Near the eastern entrance of the Hakim Mosque opposite the burial grounds of Haj Mohammad Ebrahim Kalbassi, a poem is inscribed in white Nastaliq calligraphy on blue ceramic tiles which describes the commissioning of the mosque’s construction by Hakim Davoud during the reign of Shah Abbas II and the year construction began 1067 A.H. (It was a sign of grandeur in Iran for poets to be commissioned to describe events in noble’s lives in colourful language. Below is typical Persian poetry with mystic references and Persian wit, note the pun on the name Davoud or David with mystical reference to the prophet David’s paradise. The last line codifies the year of the construction using the Abjad Alphabet which is ancient coding system, which is an ancient system of using alphabet to codify numbers. This is an amazing feature of the Iranians love for art and mathematics, the line is in perfect harmony with the rest of the poem yet it includes a coded number.
In the age that the throne is adorned by the ruler of the revolving world, the king of kings
The Solomon of (his?) time, Abbas The Second, the shadow of god
Omniscient was made the sagacious physician Davoud Who came to be called in the court of India as Tagharrob khan
That he must make his way without delay to Isfahan
To lay the foundation of a mosque like Davoud’s paradise
It was through the efforts of the employer that in these times there was constructed
An auspicious mosque like the solitary spiritual world
Pleasant place of prayer which liberates the mind in a benevolent manner
Date of construction is written clearly in this next part
The centrepoint of worship is now from Davoud of Isfahan
1067 (A.H.-1656/7 AD )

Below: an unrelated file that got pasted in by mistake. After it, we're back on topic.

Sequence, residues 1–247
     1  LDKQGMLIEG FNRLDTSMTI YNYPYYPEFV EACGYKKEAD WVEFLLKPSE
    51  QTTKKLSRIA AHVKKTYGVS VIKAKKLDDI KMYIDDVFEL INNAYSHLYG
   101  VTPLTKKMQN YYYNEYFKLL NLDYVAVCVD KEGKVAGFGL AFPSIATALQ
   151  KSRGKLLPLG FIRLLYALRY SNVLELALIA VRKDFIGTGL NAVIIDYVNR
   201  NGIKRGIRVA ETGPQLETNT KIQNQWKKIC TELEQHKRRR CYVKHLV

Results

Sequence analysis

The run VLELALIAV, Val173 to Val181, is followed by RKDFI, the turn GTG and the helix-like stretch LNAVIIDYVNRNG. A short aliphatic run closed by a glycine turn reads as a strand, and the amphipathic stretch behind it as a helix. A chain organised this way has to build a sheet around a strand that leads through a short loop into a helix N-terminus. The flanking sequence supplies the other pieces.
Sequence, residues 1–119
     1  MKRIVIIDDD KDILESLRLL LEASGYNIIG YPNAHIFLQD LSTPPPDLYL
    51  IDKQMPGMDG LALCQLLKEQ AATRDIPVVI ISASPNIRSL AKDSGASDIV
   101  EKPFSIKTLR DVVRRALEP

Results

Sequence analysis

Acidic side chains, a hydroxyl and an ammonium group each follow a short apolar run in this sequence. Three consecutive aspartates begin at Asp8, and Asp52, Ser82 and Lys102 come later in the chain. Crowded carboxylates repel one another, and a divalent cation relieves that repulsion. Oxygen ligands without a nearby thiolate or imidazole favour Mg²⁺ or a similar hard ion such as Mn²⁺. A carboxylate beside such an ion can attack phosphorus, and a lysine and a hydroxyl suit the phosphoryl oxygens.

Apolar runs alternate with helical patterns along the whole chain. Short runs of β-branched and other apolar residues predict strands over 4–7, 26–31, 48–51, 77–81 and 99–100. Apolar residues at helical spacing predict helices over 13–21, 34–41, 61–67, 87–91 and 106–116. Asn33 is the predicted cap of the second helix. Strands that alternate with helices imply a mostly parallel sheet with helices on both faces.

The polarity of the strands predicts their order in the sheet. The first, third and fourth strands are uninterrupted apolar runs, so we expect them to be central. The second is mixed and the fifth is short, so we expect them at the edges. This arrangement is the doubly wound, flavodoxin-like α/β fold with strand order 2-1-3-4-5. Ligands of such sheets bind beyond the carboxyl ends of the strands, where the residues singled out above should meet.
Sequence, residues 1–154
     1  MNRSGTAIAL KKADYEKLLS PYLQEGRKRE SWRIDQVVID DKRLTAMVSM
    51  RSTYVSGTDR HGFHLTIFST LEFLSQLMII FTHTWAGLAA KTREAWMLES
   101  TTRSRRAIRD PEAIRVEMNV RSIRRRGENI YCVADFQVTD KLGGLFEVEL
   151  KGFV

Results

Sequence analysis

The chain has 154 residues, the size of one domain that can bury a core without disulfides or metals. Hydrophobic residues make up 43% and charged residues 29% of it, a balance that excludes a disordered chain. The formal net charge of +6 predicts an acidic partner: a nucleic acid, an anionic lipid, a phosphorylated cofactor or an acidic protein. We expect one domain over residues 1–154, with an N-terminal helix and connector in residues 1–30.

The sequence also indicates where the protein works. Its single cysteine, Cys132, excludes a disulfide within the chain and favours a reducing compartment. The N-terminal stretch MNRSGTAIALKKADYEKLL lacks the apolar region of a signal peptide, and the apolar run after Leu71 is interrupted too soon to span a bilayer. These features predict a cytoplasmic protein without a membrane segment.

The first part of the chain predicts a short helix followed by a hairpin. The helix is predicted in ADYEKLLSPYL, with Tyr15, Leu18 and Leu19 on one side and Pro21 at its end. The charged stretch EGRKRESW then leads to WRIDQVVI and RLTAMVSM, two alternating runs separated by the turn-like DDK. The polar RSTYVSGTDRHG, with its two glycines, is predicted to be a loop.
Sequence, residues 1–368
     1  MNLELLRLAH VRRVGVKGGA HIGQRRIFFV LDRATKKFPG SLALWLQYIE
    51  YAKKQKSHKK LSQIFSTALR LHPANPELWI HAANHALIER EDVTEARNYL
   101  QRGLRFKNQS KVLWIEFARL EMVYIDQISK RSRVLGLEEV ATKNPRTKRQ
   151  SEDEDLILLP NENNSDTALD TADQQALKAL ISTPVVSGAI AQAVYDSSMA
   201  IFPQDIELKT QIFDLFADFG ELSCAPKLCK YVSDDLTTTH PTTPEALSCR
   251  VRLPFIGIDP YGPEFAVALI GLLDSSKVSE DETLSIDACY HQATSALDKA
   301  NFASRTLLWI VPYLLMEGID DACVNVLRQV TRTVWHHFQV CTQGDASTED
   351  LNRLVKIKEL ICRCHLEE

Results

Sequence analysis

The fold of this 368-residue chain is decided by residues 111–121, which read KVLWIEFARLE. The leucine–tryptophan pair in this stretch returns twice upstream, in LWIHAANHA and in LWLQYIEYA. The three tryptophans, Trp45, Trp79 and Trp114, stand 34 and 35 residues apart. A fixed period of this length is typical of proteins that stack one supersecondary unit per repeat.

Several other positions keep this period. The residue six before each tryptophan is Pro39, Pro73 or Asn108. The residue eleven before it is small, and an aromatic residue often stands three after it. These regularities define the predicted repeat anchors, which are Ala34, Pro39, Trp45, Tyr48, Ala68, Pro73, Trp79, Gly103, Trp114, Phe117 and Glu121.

Isfahan Hakim mosque a Buyid structure
Hakim Mosque, built in the years 1067-73/1656-63, was commissioned by Ḥakim Mo-hammad Dawud, a converted Jew who served as the royal physician during the reigns of Shah Safi I and Shah ʿAbbas II. Chardin relates that the considerable funds needed for the construction of the mosque had been amassed in India by Ḥakim Dawud, who had left the Safavid court after his fall from favor during the reign of Shah ʿAbbas II . His considerably more favorable reception at the court of Shah Jahan, who granted him the title of Taqarrob Khan, the confidant, brought with it wealth. Ḥakim Dawud never returned to Persia to see his namesake mosque, which carries his name in a poem inscribed on the portal and containing the chronogram “maqam-e kaʿba-ye digar sod az Dawud-e ESfahan” indicating the date (1067) of the constructio.This mosque is located on the site of the Buyid Jorjir/Rangrezan Mosque, whose construction is credited to the Buyid vizier Ṣaḥeb Esmaʿil b. ʿAbbad (d. 385/995), and of which only a carved doorway has survived.It is nearly four-acres in area, which makes it the largest mosque in Isfahan after the Saljuq and Safavid congregational mosques, thus representing an extraordinary instance of competitively scaled sub-imperial patronage in the capital city. It too is a four-ayvan, courtyard-centered mosque of the Persian type. Unlike the two Safavid mosques, here the vast surfaces, especially inside the ayvāns and the domed chamber over the mehrab are decorated with alternating glazed and unglazed tiles. The epigraphic program, designed entirely by Moḥammad-Reza Emami, one of the greatest masters of mid-17th century, records the name of the architect as Mohammad-ʿAli b. Ostad ʿAli Beg Esfahani .The architect was the son of the master builder ʿAli Beg of Isfahan, whose name appears in the foundation inscription of the Masjed-e Sah. By employing the artists and architects associated with royal projects, Ḥakim Dawud partakes in the same atmosphere of surrogate and competitive patronage that inspired many golams and other elite members of the Safavid household. As the foundation inscription of the mosque indicates, despite his sanctuary at the court of the Sunni Mughal emperor, the physician remained loyal to the protection of Twelver Shiʿism under the auspices of the Safavid Shah ʿAbbas II.